In this exclusive extract from the Writers' & Artists' Guide to How to Write, acclaimed author and W&A course leader, William Ryan, looks at the importance of ensuring purpose in every scene that you write.
Writing a novel is often about asking questions and considering possibilities. The important question that you probably need to answer before you write the first word of any scene is what its purpose is in the overall story. Scenes can fulfil many different functions in a novel but knowing the narrative essence of the scene – the reason why it has to be in the novel – will probably tell you a lot about how the scene has to be written, what has to be in it and what you can leave out. Perhaps the easiest way to think of a scene’s purpose is to identify the reason why it can’t be discarded; if its absence will have no eff ect on the novel, then discarding it is probably the right decision. What narrative purposes, then, justify a scene’s inclusion in your novel? There is no exact formula and different novels will have different narrative requirements. However, here are some that probably do deserve inclusion:
● scenes that introduce the setting in which the novel will take place or which establish atmosphere;
● scenes that introduce key characters or, once they have been introduced, tell us something about them that is important to the story;
● scenes where a key event occurs or a key piece of information is revealed that moves the story forward or sends it in a new direction;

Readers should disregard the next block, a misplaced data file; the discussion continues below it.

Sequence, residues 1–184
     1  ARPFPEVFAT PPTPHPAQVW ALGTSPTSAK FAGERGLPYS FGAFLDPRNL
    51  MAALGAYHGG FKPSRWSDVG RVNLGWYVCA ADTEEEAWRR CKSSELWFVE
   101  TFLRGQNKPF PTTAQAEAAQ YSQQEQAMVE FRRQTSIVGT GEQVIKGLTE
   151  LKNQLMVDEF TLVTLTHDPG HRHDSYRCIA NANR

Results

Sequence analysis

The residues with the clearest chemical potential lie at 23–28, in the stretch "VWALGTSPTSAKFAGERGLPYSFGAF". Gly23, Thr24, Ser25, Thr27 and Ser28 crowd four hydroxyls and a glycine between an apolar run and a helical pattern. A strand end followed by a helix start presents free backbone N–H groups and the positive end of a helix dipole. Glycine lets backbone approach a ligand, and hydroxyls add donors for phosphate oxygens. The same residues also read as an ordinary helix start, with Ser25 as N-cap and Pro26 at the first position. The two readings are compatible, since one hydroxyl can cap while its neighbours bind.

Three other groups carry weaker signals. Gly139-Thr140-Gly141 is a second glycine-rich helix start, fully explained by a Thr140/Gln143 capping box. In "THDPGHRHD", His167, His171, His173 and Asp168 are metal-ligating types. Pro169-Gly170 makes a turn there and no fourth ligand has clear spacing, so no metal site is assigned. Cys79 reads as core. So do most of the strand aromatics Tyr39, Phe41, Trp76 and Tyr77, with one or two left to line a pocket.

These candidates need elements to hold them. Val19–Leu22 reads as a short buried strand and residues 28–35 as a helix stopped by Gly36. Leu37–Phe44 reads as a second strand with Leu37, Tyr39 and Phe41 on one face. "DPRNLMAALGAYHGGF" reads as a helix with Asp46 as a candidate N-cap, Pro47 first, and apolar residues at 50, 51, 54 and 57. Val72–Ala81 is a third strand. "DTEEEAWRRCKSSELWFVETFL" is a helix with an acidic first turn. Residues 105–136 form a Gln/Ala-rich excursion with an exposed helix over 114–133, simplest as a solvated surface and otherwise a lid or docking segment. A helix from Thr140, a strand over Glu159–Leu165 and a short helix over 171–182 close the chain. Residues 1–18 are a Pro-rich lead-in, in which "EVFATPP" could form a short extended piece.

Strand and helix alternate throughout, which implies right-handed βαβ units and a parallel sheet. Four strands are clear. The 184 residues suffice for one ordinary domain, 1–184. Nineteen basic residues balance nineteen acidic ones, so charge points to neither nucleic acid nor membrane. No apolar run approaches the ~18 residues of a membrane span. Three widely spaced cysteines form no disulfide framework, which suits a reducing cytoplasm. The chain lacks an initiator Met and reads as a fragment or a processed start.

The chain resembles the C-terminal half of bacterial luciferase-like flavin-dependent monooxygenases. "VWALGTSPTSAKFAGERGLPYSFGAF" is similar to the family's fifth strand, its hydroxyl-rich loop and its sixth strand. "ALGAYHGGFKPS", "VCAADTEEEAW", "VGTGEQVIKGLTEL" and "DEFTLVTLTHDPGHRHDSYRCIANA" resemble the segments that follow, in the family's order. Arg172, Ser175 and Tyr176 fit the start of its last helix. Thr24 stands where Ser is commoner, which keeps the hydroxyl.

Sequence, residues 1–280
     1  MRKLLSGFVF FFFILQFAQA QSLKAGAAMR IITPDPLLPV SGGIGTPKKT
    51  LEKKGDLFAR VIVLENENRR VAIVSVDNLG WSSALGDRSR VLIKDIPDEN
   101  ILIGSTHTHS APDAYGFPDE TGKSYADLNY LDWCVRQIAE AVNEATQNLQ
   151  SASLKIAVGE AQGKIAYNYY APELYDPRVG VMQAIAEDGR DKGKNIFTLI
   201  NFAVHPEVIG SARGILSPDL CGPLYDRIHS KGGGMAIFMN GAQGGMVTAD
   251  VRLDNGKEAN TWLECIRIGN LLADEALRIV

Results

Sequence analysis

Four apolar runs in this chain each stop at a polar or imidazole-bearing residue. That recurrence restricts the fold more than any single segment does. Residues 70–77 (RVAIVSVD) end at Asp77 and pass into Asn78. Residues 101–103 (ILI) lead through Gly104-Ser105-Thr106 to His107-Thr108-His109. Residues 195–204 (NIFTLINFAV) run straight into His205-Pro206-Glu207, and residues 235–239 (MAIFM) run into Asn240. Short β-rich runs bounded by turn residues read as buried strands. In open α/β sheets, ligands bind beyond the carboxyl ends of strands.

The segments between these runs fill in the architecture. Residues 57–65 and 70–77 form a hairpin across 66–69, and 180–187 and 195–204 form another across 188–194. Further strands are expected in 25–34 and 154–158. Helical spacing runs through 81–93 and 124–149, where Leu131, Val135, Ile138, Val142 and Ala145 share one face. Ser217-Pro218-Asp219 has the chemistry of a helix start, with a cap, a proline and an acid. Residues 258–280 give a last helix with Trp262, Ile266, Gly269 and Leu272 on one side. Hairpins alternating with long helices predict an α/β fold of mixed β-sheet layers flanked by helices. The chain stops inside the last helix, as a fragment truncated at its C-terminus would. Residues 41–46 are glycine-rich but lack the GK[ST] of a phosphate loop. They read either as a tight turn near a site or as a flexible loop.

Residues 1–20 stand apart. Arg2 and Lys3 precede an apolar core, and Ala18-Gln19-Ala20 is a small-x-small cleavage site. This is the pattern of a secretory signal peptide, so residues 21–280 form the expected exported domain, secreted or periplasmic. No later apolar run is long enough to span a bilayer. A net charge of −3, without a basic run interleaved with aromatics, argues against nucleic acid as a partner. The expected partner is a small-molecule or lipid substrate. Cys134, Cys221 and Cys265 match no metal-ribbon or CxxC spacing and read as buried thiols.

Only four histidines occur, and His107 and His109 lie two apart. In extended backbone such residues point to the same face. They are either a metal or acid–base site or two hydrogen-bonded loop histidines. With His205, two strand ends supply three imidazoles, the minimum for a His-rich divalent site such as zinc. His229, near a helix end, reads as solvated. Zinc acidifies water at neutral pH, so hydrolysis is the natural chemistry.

● scenes where a challenge, obstacle or danger to the central character is introduced;
● scenes which create anticipation and expectation;
● climax scenes where the character must overcome one last obstacle, the biggest yet, in order to reach their objective;
● scenes that come after the climax which serve to tie up loose ends and confirm that the objective has been achieved.
This is not an exhaustive list and there will be, in practice, quite a lot of overlap as a scene may fulfil different story purposes at the same time; very occasionally, it will fulfil none of them at all. What it must do, though, is help the story in some way. Whether a scene’s purpose justifies its inclusion will also depend, in some cases, on where the scene is placed in the novel.
Scenes which focus solely on atmosphere, setting or world-building are usually dealt with early in the novel. For example, if you place a scene which gives important practical information about the setting of the story towards the end of your novel, it will probably no longer be necessary, will slow the novel down at a point where you are generally looking to speed it up and possibly be confusing for the reader. Information about setting or place is therefore much better included towards the beginning, even if its importance becomes apparent only later on. For similar reasons, it’s best to introduce important characters early on. Even if they can’t actually appear until the closing chapters, information about them should probably be seeded well before that so that their arrival does not seem contrived.
William Ryan is the leader of a number of W&A writing courses. View all upcoming W&A writing courses here
William Ryan has written four historical novels which have been shortlisted for numerous awards, including the Theakstons Crime Novel of the Year, The Kerry Group Irish Fiction Award, the HWA Gold Crown for Historical Fiction, the Crime Writers Association’s Steel, Historical and New Blood Daggers and the Irish Crime Novel of the Year (three times). William teaches creative writing at City University in London and has previously taught at the University of East Anglia. His latest novel, A House of Ghosts, was published in 2019 by Bonnier Zaffre. The Writers' & Artists' Guide to How to Write is published by Bloomsbury and available now.